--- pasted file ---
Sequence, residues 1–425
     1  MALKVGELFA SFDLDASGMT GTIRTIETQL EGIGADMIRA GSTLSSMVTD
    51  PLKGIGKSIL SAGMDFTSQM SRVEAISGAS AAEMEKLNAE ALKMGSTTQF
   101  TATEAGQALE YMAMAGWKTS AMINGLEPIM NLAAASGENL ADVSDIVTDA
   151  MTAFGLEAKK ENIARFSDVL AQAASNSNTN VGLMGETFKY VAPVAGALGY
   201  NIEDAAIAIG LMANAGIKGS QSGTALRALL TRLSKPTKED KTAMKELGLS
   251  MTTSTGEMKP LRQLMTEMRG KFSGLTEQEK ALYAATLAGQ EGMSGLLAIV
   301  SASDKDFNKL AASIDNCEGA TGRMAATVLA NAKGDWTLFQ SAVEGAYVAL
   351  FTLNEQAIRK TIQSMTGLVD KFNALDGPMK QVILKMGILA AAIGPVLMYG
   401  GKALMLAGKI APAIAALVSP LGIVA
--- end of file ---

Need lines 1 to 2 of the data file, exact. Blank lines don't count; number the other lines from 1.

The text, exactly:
Sequence, residues 1–425
     1  MALKVGELFA SFDLDASGMT GTIRTIETQL EGIGADMIRA GSTLSSMVTD